What do you get when you bring 100 or so children, 5 and under, together with 400 adults, 90 and over? Pure magic.
That's the thinking behind intergenerational programs that do just that. Recently, a nursing home for senior citizens in Seattle built an in-house pre-school program for young children, solving the broader community need for high quality pre-school care, and the need for a real community within the nursing home itself.
The result, over 25 years in the making, will warm your heart beyond belief.
Providence Mount St. Vincent, commonly called 'The Mount,' is a retirement home with a twist.
The residents and young students come together in planned and spontaneous ways, and enjoy life's moments together.While dressing up and receiving treats might be commonplace for the youngsters, to be a part of it is sadly rare for seniors in nursing homes. "These children bring life, and vibrancy, and normalcy. It's a gift," says Boyd.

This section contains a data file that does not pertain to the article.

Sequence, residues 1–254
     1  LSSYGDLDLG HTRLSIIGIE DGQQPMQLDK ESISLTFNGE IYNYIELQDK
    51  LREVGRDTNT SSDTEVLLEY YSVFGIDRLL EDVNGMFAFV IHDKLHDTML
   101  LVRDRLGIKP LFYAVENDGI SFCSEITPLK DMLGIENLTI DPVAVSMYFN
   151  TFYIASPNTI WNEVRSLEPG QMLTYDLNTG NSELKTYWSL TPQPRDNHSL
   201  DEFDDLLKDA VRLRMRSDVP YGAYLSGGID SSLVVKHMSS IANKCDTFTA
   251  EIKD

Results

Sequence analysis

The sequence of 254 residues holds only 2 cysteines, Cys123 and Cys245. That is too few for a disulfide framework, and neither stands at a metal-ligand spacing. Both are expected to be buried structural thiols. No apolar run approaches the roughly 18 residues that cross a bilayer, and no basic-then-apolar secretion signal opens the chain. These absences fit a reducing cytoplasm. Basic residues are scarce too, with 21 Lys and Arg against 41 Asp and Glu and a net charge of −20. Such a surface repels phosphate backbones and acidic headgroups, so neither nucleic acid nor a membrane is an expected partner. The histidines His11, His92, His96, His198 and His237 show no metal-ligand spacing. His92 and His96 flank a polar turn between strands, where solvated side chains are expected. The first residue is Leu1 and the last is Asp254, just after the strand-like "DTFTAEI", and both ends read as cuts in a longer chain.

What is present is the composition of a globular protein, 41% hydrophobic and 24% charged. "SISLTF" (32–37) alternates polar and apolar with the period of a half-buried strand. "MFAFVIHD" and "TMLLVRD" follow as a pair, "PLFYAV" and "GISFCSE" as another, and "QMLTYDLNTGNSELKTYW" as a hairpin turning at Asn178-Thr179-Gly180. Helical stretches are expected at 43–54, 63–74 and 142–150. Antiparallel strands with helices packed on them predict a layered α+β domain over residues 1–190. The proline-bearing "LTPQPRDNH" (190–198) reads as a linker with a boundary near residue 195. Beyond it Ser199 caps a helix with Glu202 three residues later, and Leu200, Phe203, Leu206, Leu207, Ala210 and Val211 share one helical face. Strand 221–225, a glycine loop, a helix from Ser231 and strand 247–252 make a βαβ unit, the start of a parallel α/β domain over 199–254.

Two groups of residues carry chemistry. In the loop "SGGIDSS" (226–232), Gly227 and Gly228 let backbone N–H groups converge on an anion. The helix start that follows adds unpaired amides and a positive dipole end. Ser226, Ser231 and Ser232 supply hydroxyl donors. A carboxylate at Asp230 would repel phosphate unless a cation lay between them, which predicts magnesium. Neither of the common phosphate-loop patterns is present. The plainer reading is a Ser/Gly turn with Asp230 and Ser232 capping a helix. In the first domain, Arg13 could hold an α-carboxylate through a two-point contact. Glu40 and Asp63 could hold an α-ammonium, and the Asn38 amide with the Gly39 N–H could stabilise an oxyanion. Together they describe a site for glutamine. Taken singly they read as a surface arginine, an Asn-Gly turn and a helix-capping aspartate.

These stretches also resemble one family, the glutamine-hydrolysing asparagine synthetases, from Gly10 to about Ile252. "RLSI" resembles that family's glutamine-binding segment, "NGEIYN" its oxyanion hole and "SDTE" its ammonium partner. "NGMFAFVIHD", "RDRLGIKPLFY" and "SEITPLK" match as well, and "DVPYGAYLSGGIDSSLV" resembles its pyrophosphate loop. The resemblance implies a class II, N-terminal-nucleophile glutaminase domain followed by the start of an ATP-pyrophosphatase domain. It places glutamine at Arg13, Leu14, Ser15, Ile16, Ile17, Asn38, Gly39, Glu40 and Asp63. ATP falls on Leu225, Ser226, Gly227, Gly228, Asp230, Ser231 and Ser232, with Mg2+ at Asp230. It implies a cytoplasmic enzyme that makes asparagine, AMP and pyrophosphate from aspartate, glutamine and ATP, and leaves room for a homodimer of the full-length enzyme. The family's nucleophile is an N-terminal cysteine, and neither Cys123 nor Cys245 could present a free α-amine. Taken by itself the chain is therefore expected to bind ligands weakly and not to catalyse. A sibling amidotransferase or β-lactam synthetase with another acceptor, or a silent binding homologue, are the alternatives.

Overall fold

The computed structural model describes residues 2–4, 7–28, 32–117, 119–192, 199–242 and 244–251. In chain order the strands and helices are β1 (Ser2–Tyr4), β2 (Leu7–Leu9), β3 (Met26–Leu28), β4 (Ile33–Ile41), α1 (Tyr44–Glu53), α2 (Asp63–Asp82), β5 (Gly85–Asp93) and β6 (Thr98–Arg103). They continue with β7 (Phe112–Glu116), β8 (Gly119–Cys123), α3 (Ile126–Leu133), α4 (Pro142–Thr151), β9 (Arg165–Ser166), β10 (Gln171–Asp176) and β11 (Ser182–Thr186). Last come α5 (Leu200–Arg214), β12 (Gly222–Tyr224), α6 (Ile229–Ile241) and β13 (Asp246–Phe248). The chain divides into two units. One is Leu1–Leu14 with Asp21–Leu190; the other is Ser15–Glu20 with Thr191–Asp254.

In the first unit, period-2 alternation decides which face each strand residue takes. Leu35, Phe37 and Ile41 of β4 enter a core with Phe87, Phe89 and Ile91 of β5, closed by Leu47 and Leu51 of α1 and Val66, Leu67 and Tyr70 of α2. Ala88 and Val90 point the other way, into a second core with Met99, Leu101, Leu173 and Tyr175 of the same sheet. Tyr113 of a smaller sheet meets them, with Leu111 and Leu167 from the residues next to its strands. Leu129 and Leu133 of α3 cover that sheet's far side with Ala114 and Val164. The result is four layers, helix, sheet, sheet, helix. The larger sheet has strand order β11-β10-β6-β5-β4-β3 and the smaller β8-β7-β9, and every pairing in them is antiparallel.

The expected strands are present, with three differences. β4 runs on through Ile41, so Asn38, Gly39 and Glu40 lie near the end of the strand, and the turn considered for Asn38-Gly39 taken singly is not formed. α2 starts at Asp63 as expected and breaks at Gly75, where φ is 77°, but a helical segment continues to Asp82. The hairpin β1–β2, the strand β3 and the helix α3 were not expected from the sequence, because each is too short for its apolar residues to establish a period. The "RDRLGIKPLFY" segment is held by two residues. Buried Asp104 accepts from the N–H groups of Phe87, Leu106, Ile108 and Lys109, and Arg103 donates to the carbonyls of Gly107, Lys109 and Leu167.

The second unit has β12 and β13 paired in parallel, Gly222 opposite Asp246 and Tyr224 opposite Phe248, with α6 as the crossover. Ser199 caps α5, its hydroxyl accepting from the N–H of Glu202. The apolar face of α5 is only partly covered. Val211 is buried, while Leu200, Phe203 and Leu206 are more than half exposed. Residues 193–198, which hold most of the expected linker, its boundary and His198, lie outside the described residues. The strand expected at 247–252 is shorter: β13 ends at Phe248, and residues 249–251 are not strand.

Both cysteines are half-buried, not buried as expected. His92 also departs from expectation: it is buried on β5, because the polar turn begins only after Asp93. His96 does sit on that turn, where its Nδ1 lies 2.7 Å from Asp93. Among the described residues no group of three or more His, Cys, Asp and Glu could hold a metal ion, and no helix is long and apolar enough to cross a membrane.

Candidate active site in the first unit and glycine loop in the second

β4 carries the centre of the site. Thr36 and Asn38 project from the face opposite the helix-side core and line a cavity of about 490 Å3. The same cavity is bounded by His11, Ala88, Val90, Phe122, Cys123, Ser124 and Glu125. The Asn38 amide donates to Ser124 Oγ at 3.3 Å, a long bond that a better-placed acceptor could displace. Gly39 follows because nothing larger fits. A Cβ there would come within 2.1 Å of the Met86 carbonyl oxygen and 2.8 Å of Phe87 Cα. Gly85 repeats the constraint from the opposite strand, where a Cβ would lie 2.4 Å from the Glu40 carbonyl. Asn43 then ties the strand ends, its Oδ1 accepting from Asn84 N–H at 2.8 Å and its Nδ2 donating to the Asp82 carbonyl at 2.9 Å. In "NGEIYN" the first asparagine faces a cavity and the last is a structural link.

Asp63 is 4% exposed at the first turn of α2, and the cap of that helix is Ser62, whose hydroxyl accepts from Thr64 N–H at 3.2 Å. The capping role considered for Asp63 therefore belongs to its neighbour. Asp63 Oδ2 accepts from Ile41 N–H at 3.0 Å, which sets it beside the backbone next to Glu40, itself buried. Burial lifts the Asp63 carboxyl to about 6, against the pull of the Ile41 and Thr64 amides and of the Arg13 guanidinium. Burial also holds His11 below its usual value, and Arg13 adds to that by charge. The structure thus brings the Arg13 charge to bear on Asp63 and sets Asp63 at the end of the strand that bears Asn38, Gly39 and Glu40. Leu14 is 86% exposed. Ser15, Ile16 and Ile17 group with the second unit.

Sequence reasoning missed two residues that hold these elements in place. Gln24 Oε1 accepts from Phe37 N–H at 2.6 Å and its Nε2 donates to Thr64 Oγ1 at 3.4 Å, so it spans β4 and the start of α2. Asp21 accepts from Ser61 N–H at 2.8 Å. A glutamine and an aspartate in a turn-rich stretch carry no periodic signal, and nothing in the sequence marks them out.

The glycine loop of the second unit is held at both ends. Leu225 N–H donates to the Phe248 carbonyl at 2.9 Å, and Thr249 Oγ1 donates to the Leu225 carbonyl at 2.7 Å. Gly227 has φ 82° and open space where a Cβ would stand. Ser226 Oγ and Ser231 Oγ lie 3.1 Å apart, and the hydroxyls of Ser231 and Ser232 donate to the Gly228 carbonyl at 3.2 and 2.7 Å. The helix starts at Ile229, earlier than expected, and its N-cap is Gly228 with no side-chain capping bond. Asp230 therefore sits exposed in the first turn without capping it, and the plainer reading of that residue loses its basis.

The benefits for the seniors are obvious."There’s nothing more delightful than seeing young children with noise, with laughter," says Boyd, "You see the residents, and they hear the sound of the kids coming down the hall, and it’s as though sunlight just came through the window."
The children benefit from the special relationships they form as well.With early and frequent exposure to older people who may have different needs, the children learn early on to accept these differences as matter of fact. Some adults are frail and need assistance. Some may be in wheelchairs or hard of hearing. The kids take it all in stride.
The school/nursing home combo has attracted media attention.
WATCH: At this “inter-generational learning center,” the average adult is 92 and the oldest children are 5 -… https://t.co/EHPZ8AEJMo— NBC Nightly News with Lester Holt (@NBC Nightly News with Lester Holt)1486693863.0